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An essay on super hero culture. 

Notice how they all have logo designs. This essay focusses on Super Hero Culture in the USA largely because of American comics & the way Hollywood has exported their super heroes to the rest of the world. Mexico maintains this tradition through its Lucha Libre.

How do Super Heros fit into Mazlow’s Pyramid of the needs for an individual & for society?

Superhero culture

Society’s sunken spirits saved by superheroesby Carolyn BraykoIn recent years, Hollywood has produced a plethora of movies depicting the world-saving exploits of a variety of comic book super-heroes. The seed of the ‘super-craze’ was sown back in the 70’s with the release of a series of blockbusters featuring the classic DC hero Superman. Since the mid-nineties, however, the cinema has brought us Batman Returns, Batman Forever, Batman and Robin, Batman Begins, Spiderman I and II, The Phantom, X-Men I through III, The League of Extraordinary Gentlemen, The Fantastic Four, Hellboy, Daredevil, The Hulk, and very soon Superman Returns. While most of these are just new twists on the original comic heroes, several attempts at new age superheroes have also been made, presumably to spark the interest of young viewers. Among these “unofficial” heroes are the famous Parr family in The Incredibles, the engaging Cortez family from the Spy Kids movies, a new teen Clark Kent from Smallville, Buffy the Vampire Slayer, and the supers-in-training featured in the new Disney film Sky High.So – what’s with the hype? Why such a profusion of supers in the last few years? To be sure, comic books have been nationally popular since the appearance of DC and Marvel Comics in the 1930s and 1940s, but they have generally been most popular with children. Several generations of Americans have grown up with their superheroes, and it’s a little embarrassing to realize that our need for a super “security blanket” has become an adult issue. Still, America’s preoccupation with super heroes may be a key to understanding the fears and hopes of the most powerful country in the world. America is no longer fighting against the Nazis, whose swastikas, iron crosses, and goose-stepping soldiers made them an easily identifiable enemy. The Soviet Communists, who waged a “cold” war with us for fifty years, were less aggressive than the Nazis, but were still an enemy we could see and engage. Since the Cold War, our enemies have been more elusive, and the United States has found it increasingly difficult to combat the opposing force and earn a clear victory. The so-called “war on terror” is the worst example yet of having to fight invisible enemies. Thus, Americans, while stubbornly confident and egocentric, have developed a nagging fear of the terrorist powers scattered around the world. The news blares constant misery and endless conflicts in which, all too often, the bad guys win the day.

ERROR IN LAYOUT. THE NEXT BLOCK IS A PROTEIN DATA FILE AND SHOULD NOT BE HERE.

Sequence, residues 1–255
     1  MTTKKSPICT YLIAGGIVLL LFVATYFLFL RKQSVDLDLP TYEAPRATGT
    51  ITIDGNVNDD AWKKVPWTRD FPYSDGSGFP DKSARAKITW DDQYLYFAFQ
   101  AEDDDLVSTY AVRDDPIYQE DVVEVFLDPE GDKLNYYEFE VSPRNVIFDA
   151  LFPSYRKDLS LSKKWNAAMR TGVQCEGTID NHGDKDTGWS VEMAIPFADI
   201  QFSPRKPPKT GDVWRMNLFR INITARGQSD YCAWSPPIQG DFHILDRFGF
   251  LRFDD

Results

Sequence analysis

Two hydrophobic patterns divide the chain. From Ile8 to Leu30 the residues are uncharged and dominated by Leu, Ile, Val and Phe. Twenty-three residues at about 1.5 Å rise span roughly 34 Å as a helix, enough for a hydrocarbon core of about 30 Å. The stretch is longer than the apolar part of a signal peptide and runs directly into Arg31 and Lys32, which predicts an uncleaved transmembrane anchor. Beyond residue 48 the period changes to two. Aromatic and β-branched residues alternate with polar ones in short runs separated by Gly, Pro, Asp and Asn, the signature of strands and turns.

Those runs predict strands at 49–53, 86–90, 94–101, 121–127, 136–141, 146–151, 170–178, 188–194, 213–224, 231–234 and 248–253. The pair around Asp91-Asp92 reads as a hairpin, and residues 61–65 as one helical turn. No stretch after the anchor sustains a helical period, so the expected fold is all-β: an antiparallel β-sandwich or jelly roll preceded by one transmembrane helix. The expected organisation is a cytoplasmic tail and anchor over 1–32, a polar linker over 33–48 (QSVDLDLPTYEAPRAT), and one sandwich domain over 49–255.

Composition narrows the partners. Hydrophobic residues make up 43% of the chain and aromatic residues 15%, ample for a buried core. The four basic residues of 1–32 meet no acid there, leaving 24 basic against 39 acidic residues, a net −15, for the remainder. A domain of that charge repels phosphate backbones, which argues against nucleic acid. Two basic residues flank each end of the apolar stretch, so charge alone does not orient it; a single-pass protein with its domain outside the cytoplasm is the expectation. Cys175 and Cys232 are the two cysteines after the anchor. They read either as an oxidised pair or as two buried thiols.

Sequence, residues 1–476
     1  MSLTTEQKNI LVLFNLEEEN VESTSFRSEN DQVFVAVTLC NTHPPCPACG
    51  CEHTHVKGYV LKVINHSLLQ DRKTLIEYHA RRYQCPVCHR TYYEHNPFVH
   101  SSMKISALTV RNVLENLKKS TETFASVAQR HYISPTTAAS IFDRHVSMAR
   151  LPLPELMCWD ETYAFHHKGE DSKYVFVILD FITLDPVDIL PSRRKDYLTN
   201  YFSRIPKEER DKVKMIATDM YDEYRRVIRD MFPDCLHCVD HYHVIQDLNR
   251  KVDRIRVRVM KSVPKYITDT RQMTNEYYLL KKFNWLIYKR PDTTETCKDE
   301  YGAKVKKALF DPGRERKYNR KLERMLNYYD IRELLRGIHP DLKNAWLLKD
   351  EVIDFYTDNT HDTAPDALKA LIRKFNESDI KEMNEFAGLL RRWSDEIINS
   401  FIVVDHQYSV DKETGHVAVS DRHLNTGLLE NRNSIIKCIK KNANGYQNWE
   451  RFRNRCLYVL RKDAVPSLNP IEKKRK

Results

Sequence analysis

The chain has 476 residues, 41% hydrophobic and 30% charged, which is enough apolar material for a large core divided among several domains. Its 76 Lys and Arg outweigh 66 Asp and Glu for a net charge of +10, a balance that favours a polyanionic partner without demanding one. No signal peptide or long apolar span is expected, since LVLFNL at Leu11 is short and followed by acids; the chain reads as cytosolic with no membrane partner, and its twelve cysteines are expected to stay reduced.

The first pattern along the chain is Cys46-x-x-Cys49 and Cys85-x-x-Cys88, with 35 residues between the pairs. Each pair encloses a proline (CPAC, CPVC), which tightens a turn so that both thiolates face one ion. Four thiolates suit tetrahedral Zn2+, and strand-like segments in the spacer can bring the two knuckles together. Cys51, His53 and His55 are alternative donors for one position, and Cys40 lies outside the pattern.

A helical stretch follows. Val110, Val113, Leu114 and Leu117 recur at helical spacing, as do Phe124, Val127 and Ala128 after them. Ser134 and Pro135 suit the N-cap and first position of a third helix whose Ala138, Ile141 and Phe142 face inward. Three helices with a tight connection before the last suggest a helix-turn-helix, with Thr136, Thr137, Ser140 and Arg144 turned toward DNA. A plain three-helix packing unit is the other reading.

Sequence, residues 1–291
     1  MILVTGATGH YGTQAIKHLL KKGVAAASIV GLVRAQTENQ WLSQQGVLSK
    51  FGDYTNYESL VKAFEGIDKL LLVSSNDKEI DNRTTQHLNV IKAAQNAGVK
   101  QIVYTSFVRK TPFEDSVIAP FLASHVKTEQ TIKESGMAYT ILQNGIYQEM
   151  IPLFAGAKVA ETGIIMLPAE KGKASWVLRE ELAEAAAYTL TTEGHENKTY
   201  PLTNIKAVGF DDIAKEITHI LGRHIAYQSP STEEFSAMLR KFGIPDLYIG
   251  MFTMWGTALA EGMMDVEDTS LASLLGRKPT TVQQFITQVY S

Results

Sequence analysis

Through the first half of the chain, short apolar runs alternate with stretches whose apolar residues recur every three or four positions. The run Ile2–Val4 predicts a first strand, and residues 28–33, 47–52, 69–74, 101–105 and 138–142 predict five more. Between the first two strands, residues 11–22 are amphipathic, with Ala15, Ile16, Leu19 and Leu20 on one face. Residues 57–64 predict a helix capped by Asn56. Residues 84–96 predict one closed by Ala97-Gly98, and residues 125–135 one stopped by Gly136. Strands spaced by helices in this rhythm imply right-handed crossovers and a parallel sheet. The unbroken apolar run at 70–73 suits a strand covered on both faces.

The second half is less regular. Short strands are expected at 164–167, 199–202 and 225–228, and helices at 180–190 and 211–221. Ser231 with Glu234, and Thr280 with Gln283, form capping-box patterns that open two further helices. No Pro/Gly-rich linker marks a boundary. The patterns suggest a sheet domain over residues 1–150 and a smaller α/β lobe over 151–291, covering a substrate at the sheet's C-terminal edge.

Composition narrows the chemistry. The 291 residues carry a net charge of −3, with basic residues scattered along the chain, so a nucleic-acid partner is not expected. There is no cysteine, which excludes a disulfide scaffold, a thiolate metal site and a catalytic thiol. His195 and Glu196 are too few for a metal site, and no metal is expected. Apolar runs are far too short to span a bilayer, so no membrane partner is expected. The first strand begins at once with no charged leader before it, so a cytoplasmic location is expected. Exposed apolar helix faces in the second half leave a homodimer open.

But, never fear, superheroes are here! Americans turn from reality with longing for a ‘happily ever after’ and find a world of dangerous city nightscapes and ridiculous villains who always perish at the hands of some handsome figure in the night. Who can resist?Because many Americans feel, in some sense, like they need to be saved from an ugly reality, they resort to a fictional fantasy. A superhero film is an action packed hour and a half that requires little thought on the viewer’s part and ends happily with the protagonist winning a clear victory for the people. A superhero action film provides temporary relief from the constant barrage of desperate news, thus theoretically improving national morale. Yet, how effective, really, are these little boosts of super power in improving the public mood?